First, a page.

It turns out the swarms of loud, creepy insects serve a human purpose beyond frying those tasty little suckers in butter. When the Brood II cicadas emerge in the northeastern United States, the Navy will be paying close attention.
Aside from their unusual life cycle, cicadas are also remarkable in that they can emit a sound disproportionately loud for their little bodies. This is done by contracting their thorax, making their ribs click together. That sound then passes over an air sac, which amplifies it (something akin to playing the jug). By repeating this movement 300 to 400 times a second, the lowly cicada creates a pretty sizable racket.
So why does the Navy care about noisy periodical insects? Because the Navy relies on sound for sonar, and space is always an issue when it comes to submarines, ships and other water vessels.
There are two types of sonar; passive and active. Passive sonar devices are relatively small and can listen to sounds emitted by other underwater objects. Unfortunately, passive sonar can only detect where an object is if it’s emitting its own sound and that sound is louder than the naval vessel itself.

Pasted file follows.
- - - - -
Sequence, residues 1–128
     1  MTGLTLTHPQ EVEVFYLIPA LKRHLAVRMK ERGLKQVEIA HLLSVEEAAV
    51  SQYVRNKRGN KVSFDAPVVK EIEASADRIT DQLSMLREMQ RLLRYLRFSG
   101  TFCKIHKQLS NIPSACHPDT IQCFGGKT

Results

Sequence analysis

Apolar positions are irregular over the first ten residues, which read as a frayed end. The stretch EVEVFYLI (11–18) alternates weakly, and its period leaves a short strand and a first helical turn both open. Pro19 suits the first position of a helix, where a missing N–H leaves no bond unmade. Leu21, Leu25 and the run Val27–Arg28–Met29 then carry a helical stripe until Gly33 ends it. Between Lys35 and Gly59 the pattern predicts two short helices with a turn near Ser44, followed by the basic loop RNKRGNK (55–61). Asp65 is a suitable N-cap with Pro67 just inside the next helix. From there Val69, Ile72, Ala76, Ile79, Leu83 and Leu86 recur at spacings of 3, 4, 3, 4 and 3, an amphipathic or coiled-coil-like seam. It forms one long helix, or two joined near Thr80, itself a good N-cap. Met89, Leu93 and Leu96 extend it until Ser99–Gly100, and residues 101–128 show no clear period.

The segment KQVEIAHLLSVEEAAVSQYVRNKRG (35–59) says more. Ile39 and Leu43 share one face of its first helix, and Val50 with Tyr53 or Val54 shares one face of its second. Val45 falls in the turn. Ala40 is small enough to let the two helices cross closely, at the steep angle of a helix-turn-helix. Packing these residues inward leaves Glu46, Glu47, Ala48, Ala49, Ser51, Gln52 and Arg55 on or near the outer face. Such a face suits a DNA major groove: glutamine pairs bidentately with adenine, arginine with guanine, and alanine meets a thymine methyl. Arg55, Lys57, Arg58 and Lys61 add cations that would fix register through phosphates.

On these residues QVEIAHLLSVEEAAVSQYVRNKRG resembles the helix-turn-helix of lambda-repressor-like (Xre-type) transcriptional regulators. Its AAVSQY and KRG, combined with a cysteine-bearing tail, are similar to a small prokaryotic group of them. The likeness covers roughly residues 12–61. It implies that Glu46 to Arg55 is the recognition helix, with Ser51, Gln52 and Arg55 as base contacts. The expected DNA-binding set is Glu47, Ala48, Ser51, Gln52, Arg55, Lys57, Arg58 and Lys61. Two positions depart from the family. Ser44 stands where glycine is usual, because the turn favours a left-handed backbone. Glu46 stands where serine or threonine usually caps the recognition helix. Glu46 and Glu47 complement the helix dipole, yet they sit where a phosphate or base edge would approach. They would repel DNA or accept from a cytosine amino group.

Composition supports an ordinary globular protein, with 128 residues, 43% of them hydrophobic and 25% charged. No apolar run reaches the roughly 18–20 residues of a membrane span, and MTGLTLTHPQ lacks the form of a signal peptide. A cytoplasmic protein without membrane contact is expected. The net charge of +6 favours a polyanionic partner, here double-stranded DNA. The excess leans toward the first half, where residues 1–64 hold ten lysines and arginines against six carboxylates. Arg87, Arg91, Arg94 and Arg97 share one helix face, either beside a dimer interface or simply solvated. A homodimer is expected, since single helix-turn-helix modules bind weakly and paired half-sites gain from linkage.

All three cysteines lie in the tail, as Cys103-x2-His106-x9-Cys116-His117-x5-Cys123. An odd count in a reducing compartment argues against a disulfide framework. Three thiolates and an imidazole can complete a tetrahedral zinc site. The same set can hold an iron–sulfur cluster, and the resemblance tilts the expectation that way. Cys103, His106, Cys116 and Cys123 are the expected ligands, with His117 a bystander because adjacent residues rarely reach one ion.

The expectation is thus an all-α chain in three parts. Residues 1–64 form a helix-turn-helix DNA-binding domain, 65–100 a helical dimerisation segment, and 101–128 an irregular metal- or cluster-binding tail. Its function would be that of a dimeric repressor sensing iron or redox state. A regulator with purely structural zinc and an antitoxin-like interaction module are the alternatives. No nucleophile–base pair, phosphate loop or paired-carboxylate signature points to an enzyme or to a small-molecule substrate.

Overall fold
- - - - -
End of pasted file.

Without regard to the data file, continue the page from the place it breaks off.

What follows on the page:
Active sonar works more like a bat. It emits its own sound, then waits for the sound to bounce back from an object to read its location. But active sonar devices are large and heavy, not the most reasonable objects to bring on board a submarine.
So while Brood II is enjoying its mating frenzy this spring, the Navy will be collecting a number of cicadas to dissect and study, hoping to unlock the key to their small-but-mighty power. And thanks to the cicadas’ predator satiation survival strategy, the Navy’s study won’t make much of a dent on the gigantic, clicking party.
If you want to see the cicada mating event in real time, check out Radiolab’s Cicada Tracker. For you East Coast folks, you can submit your own cicada sightings.